Sunday, March 04, 2007

A Smoky Mountain Riddle about the Great Smoky Mountains National Park

What do Restaurants in the Smoky Mountains, The Great Smoky Mountains National Park, the North Carolina and Tennessee department of motor vehicles, and the Friends of the Smokies organization all have in common? Biodiesel.

Thanks to the generous support of drivers of NC and TN who were kind enough to purchase the beautiful Friends of the Smokies specialty license plates as well as a Clean Fuel Advanced Technology grant The Smoky Mountains National Park will soon be able to fuel their diesel fleet of almost 2 dozen vehicles on the North Carolina side with a biodiesel blended fuel.

Biodiesel is a cleaner burning alternative

Biodiesel is a cleaner burning alternative to petroleum diesel and is produced domestically from renewable sources such as used cooking oils, soybeans, corn and various other organic oil sources. Since it is produced domestically, it reduces our dependence on foreign petroleum and production of biodiesel creates virtually no polluting byproducts.

Biodiesel in its purest form is from 100% "organic" sources but is often blended with petroleum diesel. The National Park service will be using B-50 which means it is a 50 - 50 mixture. Regardless of the blend as long as the "bio" part f the blend is clean and pure, diesel engines usually don't require any modifications. While 100% bio is preferred this is a huge step in the right direction.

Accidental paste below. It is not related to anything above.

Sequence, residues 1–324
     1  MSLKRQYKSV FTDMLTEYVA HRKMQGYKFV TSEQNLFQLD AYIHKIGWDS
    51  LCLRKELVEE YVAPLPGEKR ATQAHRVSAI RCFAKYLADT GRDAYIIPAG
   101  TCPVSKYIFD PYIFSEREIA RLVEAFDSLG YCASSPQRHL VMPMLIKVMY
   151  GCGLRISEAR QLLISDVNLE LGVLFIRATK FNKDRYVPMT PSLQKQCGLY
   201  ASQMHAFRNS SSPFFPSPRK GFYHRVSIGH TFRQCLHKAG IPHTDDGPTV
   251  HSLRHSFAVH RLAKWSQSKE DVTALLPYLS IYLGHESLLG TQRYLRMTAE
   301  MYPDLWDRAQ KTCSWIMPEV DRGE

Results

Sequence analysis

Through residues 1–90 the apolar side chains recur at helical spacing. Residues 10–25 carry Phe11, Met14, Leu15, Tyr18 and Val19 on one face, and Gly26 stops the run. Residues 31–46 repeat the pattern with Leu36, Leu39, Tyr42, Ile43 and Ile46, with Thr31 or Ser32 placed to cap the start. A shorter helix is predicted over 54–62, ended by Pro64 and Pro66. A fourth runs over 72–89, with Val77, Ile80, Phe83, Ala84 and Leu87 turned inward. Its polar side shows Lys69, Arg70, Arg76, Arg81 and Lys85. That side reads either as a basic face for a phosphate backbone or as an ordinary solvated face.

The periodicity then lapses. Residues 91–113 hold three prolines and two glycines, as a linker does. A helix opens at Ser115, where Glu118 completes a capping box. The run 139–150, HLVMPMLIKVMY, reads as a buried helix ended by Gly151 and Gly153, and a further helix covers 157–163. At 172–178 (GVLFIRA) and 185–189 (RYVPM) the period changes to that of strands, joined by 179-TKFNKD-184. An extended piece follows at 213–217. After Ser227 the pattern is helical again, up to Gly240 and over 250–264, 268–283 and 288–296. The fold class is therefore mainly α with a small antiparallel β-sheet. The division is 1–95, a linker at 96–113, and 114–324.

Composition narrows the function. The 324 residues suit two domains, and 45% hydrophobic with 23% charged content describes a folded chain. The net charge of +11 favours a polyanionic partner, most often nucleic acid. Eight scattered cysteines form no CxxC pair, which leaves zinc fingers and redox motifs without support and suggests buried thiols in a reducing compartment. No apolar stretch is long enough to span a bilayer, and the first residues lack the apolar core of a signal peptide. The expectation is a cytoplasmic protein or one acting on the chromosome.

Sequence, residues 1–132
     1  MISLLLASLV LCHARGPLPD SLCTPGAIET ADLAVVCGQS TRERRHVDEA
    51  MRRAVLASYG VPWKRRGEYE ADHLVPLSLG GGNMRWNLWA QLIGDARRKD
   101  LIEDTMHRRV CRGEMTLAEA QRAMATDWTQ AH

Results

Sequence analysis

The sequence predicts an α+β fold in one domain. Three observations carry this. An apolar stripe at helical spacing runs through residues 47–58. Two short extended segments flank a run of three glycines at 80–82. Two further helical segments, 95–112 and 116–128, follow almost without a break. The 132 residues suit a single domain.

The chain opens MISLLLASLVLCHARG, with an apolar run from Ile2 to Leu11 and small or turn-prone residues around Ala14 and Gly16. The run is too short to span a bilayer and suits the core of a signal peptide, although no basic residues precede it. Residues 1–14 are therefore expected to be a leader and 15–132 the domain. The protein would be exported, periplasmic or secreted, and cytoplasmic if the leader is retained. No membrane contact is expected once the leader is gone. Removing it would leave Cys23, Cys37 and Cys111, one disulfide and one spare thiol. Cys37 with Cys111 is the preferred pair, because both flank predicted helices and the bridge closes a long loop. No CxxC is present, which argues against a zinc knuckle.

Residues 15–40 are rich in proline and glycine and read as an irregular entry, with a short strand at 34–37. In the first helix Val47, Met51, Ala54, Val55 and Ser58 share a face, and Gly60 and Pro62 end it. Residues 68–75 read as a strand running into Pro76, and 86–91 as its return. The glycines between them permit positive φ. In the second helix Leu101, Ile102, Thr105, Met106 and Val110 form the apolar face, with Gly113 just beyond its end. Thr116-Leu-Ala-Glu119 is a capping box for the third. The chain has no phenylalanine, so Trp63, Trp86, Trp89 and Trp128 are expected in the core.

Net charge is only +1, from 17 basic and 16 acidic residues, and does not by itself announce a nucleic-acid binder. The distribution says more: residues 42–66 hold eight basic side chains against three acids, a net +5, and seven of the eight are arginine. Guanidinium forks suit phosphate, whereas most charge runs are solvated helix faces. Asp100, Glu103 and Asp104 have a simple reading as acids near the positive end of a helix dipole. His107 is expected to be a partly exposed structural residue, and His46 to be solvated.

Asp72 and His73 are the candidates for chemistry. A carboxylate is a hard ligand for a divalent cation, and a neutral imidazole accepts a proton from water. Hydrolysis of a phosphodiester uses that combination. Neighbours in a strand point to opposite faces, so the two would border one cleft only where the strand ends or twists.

According to Dale Ditmanson the Park Superintendent "This biodiesel refueling project will help us achieve our long-term goal of stabilizing or improving air quality in the park...We also see it as a great opportunity to lead by example as we host local school groups and millions of visitors from all across the country and world."

Just having the Great Smoky Mountains National Park committed to using Biodiesel is not enough. Two distribution centers are going to be set up on the North Carolina side of the national park. The first larger Biodiesel station will be a 4,000-gallon tank at the Oconaluftee Maintenance Yard in Swain County, and the second smaller 1,000 gallon tank will be located to fill park vehicles in Cataloochee Valley. Combined these distribution points will dispense and estimated 12,000 gallons a year reducing the national parks annual consumption of petroleum diesel by 6,000 gallons a year.

Friends of the Smokies

In order the finance this incredible project, the Friends of the Smokies is donating more than $8,000 which was raised from the sales of specialty license plates in NC and TN. $20 of the $30 charged for these special plates ends up with Friends of the Smokies.

The Friends of the Smokies also secured grant that exceeded $33,000 from the Clean Fuel Advanced Technology Project, which is managed in North Carolina by the North Carolina Solar Center and NC State University. Help from the project was also received from the NC Department of Transportation, the State Energy Office of the NC Department of Administration, and the NC Division of Air Quality.

If you don't have a Friends of the Smokies license plate to help support the Great Smoky Mountains National Park order your Friends of the Smokies plate on your next Tennessee or North Carolina license plate on your next renewal!

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